4. Inflation: Likely to remain low

Despite significant growth in the monetary base, inflation and inflation expectations remain in check. For the 12 months ended Oct. 31, 2013, the Consumer Price Index was up just 1.2%, with five-year inflation expectations at 1.8%.4 The unwillingness of banks to release their excess reserves into the economy via additional lending is contributing to these low levels. With bank lending only just recently recovering to its 2008 peak, in an economy that’s 16% larger,5 any upward pressure on the velocity of money — and by extension, inflation — will likely remain low.

Stay the course

Early 2014 may take us back to the future. While investors shouldn’t turn a blind eye to challenges facing the economy and markets, looking at the broader picture can help them stay the course and keep moving forward with their financial goals.

 

1 Source: Bloomberg L.P., Sept. 30, 2013

2 Source: Federal Reserve Bank of St. Louis, Sept. 30, 2013

3 Source: Bloomberg L.P., Nov. 18, 2013

4 Source: Bloomberg L.P., Oct. 31, 2013

5 Source: Bloomberg L.P., Federal Reserve Bank of St. Louis, Oct. 31, 2013

The S&P 500® Index is an unmanaged index considered representative of the US stock market. An investment cannot be made directly in an index.

Joseph Becker

Sr. Fixed & Equity Income Product Strategist

Invesco PowerShares Capital Management LLC

Joseph Becker is the Sr. Fixed & Equity Income Product Strategist with Invesco PowerShares Capital Management LLC, a registered investment advisor that sponsors the PowerShares family of exchange-traded funds (ETFs). Invesco PowerShares is Leading the Intelligent ETF Revolution®, a new generation of ETFs.

In his role as Sr. Fixed & Equity Income Product Strategist, Joseph develops and manages product specific strategies, collaborating with marketing, compliance, research, sales and portfolio management in an effort to better position the product line within the market.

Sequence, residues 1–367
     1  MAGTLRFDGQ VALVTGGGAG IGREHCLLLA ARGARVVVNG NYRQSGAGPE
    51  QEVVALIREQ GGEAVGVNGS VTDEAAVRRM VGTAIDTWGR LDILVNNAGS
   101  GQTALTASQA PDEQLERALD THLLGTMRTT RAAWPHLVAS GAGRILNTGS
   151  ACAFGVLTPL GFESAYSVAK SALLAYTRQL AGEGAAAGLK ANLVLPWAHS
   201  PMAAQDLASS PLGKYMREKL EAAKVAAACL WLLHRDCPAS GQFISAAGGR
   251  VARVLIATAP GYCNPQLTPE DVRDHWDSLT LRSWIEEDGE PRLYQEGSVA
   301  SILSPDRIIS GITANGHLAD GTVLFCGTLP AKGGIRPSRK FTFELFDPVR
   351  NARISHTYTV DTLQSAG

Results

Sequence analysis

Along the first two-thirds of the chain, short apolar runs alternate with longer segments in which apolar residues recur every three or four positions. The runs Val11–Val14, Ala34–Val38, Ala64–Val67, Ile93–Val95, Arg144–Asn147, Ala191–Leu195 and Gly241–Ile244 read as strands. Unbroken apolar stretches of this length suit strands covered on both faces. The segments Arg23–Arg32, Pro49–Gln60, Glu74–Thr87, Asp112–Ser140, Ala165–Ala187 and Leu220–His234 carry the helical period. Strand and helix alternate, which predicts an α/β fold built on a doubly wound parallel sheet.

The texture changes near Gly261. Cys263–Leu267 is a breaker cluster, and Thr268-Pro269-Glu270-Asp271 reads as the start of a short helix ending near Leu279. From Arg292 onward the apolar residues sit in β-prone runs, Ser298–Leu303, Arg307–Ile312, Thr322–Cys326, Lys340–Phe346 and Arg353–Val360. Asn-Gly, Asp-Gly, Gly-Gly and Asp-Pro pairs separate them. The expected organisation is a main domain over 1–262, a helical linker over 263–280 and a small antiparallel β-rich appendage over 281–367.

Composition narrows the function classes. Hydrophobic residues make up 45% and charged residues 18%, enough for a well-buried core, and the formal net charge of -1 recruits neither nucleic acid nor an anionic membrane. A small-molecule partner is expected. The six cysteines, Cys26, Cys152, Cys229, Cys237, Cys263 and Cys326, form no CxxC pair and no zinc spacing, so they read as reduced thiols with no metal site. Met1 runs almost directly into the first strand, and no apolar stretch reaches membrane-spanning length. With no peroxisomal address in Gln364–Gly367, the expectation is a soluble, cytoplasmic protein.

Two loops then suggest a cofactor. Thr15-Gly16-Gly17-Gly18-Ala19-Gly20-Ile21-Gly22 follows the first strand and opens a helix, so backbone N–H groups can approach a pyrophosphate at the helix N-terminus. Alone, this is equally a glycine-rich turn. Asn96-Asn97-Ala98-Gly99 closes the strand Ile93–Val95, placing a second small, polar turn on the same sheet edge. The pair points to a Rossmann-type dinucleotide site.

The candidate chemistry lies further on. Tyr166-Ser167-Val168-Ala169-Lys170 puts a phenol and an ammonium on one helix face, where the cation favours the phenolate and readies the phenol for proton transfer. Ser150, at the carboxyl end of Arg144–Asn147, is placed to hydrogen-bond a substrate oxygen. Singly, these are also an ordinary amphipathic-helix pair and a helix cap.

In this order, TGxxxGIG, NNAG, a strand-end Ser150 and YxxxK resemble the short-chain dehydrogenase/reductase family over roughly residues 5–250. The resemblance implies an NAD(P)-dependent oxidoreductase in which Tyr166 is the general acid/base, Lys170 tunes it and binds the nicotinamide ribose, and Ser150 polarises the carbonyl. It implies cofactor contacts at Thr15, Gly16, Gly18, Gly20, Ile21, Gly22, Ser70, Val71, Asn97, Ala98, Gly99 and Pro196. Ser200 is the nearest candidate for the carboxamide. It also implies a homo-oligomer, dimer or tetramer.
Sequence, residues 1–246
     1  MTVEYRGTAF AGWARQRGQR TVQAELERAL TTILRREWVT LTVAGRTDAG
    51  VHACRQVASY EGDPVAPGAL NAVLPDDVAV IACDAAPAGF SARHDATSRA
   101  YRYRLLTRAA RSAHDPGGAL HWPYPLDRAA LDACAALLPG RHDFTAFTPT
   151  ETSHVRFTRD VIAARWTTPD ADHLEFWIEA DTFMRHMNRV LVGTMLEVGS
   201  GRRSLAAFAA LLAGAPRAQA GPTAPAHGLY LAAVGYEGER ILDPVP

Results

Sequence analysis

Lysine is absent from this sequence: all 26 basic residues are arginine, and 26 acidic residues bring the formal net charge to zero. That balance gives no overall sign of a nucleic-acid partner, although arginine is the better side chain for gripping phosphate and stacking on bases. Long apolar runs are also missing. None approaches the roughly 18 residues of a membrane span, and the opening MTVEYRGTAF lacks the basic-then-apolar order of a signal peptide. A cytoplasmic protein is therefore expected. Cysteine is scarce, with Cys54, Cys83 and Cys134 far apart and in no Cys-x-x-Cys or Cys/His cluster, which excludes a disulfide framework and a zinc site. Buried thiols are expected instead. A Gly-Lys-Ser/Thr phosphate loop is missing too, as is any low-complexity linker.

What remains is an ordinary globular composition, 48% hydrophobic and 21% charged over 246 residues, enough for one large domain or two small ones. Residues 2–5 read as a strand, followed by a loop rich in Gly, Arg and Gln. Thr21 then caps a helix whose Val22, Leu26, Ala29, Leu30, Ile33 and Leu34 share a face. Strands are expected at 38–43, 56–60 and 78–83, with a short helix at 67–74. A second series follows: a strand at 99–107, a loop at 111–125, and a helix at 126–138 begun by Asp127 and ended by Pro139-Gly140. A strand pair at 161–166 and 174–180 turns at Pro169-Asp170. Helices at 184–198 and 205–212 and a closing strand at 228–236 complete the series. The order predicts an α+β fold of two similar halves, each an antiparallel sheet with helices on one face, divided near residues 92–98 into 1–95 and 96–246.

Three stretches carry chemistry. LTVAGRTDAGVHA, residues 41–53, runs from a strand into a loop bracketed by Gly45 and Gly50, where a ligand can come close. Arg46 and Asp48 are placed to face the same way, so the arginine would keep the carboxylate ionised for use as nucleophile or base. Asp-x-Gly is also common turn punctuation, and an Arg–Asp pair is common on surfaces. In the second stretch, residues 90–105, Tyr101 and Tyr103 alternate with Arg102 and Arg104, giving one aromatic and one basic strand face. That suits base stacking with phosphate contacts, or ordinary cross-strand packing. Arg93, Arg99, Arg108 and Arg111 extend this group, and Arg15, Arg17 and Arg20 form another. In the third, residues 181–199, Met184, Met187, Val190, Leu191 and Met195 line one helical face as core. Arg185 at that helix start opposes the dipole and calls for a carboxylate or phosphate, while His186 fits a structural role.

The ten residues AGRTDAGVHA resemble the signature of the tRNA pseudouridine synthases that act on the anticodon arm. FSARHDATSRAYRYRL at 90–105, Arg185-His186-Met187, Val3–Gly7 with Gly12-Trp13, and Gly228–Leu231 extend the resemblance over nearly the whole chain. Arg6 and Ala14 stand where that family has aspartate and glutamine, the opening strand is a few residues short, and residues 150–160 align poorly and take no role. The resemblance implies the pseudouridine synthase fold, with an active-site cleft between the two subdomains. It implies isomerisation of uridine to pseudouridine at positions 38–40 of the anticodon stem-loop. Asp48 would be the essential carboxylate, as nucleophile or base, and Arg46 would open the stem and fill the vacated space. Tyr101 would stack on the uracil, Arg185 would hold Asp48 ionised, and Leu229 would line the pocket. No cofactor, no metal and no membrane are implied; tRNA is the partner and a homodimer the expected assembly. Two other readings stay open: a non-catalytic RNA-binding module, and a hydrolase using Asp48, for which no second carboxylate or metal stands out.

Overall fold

Prior to joining Product Strategy & Research in 2010, Joseph served as the manager of education marketing for Invesco PowerShares. In that role, he was responsible for the creation of educational content for both institutional and retail investors. Joseph has been with Invesco PowerShares since 2008 and brings more than a decade of investment industry experience to his role.

Joseph holds a Master’s Degree in Economics from The University of Illinois at Chicago and a Bachelor’s Degree in International Studies from Trinity Western University in British Columbia, Canada. He holds the Series 7, 4 and 63 registrations.

Invesco Distributors, Inc. is the distributor of the PowerShares Exchange-Traded Fund Trust, the PowerShares Exchange-Traded Fund Trust II, the PowerShares India Exchange-Traded Fund Trust and the PowerShares Actively Managed Exchange-Traded Fund Trust. Invesco PowerShares Capital Management LLC (Invesco PowerShares) and Invesco Distributors, Inc. are indirect, wholly owned subsidiaries of Invesco Ltd.